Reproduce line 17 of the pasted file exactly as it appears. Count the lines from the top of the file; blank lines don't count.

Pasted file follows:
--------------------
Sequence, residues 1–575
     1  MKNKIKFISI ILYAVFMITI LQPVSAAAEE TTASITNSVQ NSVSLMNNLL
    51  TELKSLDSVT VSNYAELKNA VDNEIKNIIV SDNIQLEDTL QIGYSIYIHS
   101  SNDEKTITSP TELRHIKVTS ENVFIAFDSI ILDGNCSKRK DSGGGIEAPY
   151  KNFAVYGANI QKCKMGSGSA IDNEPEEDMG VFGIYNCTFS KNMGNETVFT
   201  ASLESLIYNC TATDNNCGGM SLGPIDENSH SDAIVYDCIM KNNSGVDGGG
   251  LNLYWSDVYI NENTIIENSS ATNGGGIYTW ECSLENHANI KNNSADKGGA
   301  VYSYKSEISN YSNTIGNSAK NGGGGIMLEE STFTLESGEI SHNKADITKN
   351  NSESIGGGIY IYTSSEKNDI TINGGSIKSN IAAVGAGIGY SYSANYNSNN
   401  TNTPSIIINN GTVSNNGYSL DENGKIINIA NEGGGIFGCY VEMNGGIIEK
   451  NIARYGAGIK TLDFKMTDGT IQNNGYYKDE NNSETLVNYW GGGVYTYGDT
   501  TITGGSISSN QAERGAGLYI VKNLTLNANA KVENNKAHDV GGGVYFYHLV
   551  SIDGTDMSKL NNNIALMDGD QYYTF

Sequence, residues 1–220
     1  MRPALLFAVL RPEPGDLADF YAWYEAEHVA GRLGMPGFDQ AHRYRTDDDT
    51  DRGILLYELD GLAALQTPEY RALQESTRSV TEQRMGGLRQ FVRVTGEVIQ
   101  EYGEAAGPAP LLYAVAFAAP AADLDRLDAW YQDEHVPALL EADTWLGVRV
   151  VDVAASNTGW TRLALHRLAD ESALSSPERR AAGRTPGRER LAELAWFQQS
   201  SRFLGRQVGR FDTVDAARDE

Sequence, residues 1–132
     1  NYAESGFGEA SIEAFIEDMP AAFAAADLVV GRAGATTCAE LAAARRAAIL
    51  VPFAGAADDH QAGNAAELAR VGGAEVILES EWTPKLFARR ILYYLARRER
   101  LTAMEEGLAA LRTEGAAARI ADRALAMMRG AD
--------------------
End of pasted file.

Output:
   101  EYGEAAGPAP LLYAVAFAAP AADLDRLDAW YQDEHVPALL EADTWLGVRV